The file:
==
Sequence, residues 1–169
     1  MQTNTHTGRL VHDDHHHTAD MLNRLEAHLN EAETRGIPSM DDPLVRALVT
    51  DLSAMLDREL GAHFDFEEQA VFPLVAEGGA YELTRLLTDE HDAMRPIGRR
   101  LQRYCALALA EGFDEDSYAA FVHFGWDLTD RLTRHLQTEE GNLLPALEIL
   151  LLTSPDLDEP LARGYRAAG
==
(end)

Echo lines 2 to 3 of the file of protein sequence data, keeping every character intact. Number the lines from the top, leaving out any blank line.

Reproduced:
     1  MQTNTHTGRL VHDDHHHTAD MLNRLEAHLN EAETRGIPSM DDPLVRALVT
    51  DLSAMLDREL GAHFDFEEQA VFPLVAEGGA YELTRLLTDE HDAMRPIGRR